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Does Cat Parasite Cause Schizophrenia?

Kitteh. They sure are cute and all, but are they secretly trying to drive us all mad? That's the premise of a new research by John Hopkins researchers:

Johns Hopkins University scientists trying to determine why people develop serious mental illness are focusing on an unlikely factor: a common parasite spread by cats.

The researchers say the microbes, called Toxoplasma gondii, invade the human brain and appear to upset its chemistry — creating, in some people, the psychotic behaviors recognized as schizophrenia. [...]

Evidence that T. gondii infections may be a cause of schizophrenia, while not yet conclusive, is growing, Yolken said. A review of past studies, published last year by Yolken and Torrey, collected a variety of intriguing correlations. For example: People with schizophrenia have a higher prevalence of T. gondii antibodies in their blood. There are unusually low rates of schizophrenia and toxoplasmosis in countries where cats are rare, and unusually high rates in places where eating uncooked meat is customary. And some adults with toxoplasmosis show psychotic symptoms similar to schizophrenia.

Studies have linked a history of toxoplasmosis with increased rates of other mental changes, too, including bipolar disorders and depression. A 2002 study in the Czech Republic noted slowed reflexes in Toxoplasma-positive people and found links between the infection and increased rates of auto accidents.

A University of Maryland study last year found that people with mood disorders who attempt suicide had higher levels of T. gondii antibodies than those who don't try to take their own lives. Still, the links between schizophrenia and toxoplasmosis are not simple. For example, most people infected with T. gondii never become schizophrenic. And not all schizophrenics have been exposed to toxoplasma.

Yolken believes additional factors, such as an unlucky combination of genes, are probably needed to produce schizophrenia among Toxoplasma-infected people. The parasite's DNA may also be important, since some strains are known to cause more disease.

Frank D. Roylance of The Baltimore Sun has the story: Link


*shrug* I wouldn't doubt it. The parasite seems to just be trying to do what it does in its native host (mice)...make it fearless and sort of insane (they find the scent of cat urine a turn-on when infected) so that they go near cats, the parasite can get back into cats and reproduce, and continue the cycle.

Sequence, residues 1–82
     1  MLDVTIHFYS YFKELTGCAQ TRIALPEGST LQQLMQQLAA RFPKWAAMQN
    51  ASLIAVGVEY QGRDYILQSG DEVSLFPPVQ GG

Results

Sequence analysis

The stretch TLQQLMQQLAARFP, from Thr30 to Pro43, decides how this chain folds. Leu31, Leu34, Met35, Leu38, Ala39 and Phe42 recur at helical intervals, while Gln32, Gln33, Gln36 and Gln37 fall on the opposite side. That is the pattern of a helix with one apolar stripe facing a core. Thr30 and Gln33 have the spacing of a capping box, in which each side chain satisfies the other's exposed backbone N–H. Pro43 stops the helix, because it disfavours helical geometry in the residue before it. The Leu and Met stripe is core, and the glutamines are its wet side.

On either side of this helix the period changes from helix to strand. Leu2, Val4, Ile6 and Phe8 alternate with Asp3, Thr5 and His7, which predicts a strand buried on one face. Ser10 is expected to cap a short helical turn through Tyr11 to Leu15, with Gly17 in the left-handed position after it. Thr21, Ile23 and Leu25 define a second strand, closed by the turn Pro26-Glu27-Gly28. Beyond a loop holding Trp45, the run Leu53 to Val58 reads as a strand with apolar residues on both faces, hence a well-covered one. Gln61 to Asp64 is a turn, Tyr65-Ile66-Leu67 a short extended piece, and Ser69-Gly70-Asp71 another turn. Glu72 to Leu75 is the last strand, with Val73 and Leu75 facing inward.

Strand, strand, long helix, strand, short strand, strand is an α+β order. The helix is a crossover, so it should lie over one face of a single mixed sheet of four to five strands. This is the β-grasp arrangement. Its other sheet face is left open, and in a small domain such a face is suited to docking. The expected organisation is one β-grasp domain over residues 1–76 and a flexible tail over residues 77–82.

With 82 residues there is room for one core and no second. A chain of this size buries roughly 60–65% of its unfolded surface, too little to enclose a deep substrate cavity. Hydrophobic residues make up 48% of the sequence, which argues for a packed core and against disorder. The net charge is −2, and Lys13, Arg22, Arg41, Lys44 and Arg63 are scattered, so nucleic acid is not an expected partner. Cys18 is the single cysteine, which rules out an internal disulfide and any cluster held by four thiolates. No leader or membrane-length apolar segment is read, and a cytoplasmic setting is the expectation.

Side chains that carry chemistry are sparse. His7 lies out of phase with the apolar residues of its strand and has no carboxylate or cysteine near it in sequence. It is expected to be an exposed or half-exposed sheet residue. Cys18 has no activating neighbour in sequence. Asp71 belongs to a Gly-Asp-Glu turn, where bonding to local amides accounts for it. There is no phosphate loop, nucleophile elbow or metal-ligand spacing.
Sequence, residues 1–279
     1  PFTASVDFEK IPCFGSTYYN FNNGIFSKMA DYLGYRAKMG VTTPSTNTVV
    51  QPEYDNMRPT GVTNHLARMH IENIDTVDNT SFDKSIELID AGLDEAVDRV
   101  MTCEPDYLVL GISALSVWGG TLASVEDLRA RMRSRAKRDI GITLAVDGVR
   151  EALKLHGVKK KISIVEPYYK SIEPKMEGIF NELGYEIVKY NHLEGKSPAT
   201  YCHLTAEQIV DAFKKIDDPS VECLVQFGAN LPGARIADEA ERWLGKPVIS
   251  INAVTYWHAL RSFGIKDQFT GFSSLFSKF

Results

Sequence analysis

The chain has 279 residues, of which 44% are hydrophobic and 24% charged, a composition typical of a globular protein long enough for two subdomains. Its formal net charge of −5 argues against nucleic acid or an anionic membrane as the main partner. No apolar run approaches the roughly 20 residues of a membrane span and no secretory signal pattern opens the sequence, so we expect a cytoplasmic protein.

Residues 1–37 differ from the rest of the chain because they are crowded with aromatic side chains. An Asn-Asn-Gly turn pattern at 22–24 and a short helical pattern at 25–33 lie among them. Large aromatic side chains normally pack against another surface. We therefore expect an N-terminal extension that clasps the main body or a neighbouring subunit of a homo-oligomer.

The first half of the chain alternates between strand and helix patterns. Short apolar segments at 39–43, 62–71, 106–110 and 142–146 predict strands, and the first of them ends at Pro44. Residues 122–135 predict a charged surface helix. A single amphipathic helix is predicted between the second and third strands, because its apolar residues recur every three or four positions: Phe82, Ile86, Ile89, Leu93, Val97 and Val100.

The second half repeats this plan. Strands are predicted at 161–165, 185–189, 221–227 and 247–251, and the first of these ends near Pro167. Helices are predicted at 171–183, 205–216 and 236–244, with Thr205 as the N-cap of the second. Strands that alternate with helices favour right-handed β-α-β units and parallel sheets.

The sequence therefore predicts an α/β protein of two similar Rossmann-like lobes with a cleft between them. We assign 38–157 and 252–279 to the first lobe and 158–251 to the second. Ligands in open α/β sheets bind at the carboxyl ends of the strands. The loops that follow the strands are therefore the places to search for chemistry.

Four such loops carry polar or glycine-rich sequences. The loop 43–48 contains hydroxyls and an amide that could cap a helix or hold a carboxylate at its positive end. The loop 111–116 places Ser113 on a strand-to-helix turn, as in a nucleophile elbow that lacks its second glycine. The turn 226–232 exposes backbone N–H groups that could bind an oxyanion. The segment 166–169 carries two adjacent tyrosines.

It's just that since we're not mice, the cycle doesn't work exactly as planned, but they're still trying to make us get eaten by cats.
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My father spent his life studying the physiological aspects of mental illness, specifically schizophrenia. He and his co-workers theorized during the 60s that it was possible for someone to "catch" schizophrenia.

It is somehow comforting to know that their idea might be correct.
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Yeah, I knew a girl growing up who got cat shit schizophrenia. It was pretty sad. It wasn't her fault her mom would just let the cat shit lay all around the house for weeks and months. Sure enough, she became full blown schizophrenic around the time she graduated from high school. Never knew any other kid who grew up in a house full of cat shit, so it was easy enough to believe this was the cause. As someone else said, the link between cat filth and schizophrenia (especially chronic exposure during childhood) is not a new idea by any means.
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also, lmao at brain parasites. only way to tell is with an autopsy. anticholinergics (which are things in your bloodstream which respond to allergens, i.e. cat/dog dander) may also come up with a "false positive" of toxoplasmosis-inducing parasites.

Also, typically "sane" people don't have cats.
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Just wanted to state that this is not a new theory. I read about it five years ago, maybe more.

Just remember to not inhale when cleaning the pan and you'll be fine. Maybe more moody but otherwise fine.
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See this Robert Sapolsky talk on Toxo!
Military and Motorcycle death implications, too.

http://www.edge.org/3rd_culture/sapolsky09/sapolsky09_index.html
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Umm, notice the bit about uncooked meat? Getting toxo from cats is difficult.It's much more common to get it from poor kitchen practices. Word to all the pregnant ladies - your man should be cleaning the litter box AND doing the cooking/cleaning the kitchen.
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